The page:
Mr. QUINN. Under the contract there are provisions under which NFS could propose to the AEC specific research and development assistance. However, we do not have a commitment at this time.

Dr. WILSON. We would have to add to the scope to do it.

Mr. CONWAY. Would you have to make a new contract if this were to occur?

Dr. WILSON. Since this is of interest, I will send you a letter for the record.

Mr. QUINN. There is one arrangement in the contract, Mr. Conway, by which AEC could substitute research and development work in the NFS plan in lieu of processing load. (Letter relating to the above matter follows:)


Washington, D.C., May 23, 1963. Mr. John T. CONWAY, Executive Director, Joint Committee on Atomic Energy, Congress of the United States.

DEAR MR. CONWAY: In the course of the May 14 JCAE hearing on the NFS proposal for a private chemical processing plant, there was considerable discussion concerning the types of research and development which could or would be carried out at AEC expense in connection with the proposed plant. I believe it would be useful to supplement the testimony in order to clarify the legal and policy arrangements under which such research and development might be carried out. Accordingly, it is requested that this letter, and its attachment, be inserted into the record of the hearing at the appropriate point.

There are two provisions in the draft AEC-NFS contracts under which research and development on chemical processes related to the NFS plant might be conducted at AEC expense. These are as follows:

(a) NFS may propose to the AEC that specific research and development work be undertaken which would advance the type of technology to be employed in the NFS plant. AEC has agreed to consider such proposals.

(6) At the option of the AEC and with the agreement of NFS, NFS may perform research and development in the NFS plant for the AEC in lieu of a portion of the processing load.

As mentioned in the hearing, the AEC has defined to NFS, in a letter dated May 9, 1963, the general criteria which would be applied by AEC in considering any research and development work to be undertaken at AEC expenses. A copy of this letter is attached.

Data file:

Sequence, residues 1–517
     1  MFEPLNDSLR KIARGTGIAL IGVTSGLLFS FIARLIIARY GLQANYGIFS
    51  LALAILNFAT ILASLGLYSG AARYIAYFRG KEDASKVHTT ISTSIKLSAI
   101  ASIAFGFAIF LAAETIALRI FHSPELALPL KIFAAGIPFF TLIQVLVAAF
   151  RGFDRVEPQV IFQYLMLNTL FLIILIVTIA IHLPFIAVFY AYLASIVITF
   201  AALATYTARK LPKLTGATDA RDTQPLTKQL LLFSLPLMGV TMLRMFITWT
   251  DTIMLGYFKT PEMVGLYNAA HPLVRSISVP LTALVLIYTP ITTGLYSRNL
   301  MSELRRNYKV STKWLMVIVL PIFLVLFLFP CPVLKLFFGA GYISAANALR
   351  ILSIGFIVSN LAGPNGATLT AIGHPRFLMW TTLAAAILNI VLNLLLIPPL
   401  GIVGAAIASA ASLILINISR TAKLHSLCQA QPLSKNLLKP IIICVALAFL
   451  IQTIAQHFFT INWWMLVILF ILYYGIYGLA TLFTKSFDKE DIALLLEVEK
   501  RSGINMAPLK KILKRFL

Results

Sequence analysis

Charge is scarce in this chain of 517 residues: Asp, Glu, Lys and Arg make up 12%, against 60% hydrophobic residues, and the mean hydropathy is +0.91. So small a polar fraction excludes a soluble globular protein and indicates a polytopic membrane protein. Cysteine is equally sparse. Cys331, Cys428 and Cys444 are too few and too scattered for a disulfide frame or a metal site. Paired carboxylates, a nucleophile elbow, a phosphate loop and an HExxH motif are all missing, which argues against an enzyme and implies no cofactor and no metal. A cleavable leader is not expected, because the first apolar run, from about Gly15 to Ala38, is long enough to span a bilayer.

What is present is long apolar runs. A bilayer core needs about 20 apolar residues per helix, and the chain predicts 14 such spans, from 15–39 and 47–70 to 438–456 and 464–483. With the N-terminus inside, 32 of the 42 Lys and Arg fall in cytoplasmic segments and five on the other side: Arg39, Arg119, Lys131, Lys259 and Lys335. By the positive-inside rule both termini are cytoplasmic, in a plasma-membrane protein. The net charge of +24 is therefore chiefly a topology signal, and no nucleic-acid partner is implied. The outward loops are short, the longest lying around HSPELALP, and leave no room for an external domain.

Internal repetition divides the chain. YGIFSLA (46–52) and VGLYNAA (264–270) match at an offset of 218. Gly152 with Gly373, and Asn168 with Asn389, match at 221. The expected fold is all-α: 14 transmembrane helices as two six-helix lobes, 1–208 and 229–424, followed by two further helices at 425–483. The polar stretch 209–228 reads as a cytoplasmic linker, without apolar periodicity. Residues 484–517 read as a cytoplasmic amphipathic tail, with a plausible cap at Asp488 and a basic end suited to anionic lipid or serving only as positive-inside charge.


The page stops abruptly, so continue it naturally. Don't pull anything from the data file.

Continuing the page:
The provisions in the contract which cover the situation described in (a) above provide a means under which AEC may take advantage of the NFS facilities for the conduct of research and development directed toward meeting AEO objectives. While such effort could also benefit NFS operations, the criteria defined in the May 9 letter preclude undertaking such work for the purposes of solving day-to-day or startup problems in the NFS plant.

ROBERT E. WILSON, Commissioner.


Washington, D.C., May 9, 1963. Mr. T, C. RUNION, President, Nuclear Fuel Services, Ino., Barr Building, Washington, D.O.

DEAR MR. RUNION: This is in response to your letter of April 3, 1963, which submitted a detailed outline of a proposed development program which you felt would support AEO's general objectives and also be of value to NFS in its current effort.

As previously indicated to you the Commission plans to continue its basic program in aqueous chemical processing, much of which will be directly applicable to several of the technical uncertainties mentioned in your letter. The draft baseload contract currently under negotiation between NFS and AEC recognizes that the Commission will consider proposals by NFS for specific research and de velopment related to the NFS project. We believe that it would not be feasible or appropriate to give detailed consideration to your April 3 letter until consummation of the baseload contract.

However, we believe the following general criteria will apply to any research and development project agreed to by AEC with respect to NFS:

(1) It would not constitute a contribution to the capital or startup costs of the NFS plant.

(2) It would not constitute a guarantee by the AEC of the NFS plant performance,

(This criterion, together with (1) above, may preclude any final design reviews or evaluations by Commission contractors. Individual specialists in our contractor organizations could as appropriate be retained on a consultant basis.)

(3) It would not constitute a contribution to solution of specific operating problems arising from day-to-day plant operations.

(4) Performance of any research and development relative to safety would not in any way prejudice the freedom of the Division of Licensing and Regulation in carrying out its regulatory responsibilities.

We are accordingly deferring comment on your letter. It should be understood of course that AEC is not providing any assurance with respect to NFS research and development proposals beyond the general statement of our intent given above, prior to actual negotiation and agreement upon specific research and development work. We would hope to initiate more detailed conversations as soon as the baseload contract has been signed. Sincerely yours,

A. R. LUEDECKE, General Manager. Mr. Conway, Could this research and development be directed toward the development of the chopping and leaching method which NFS proposes to use?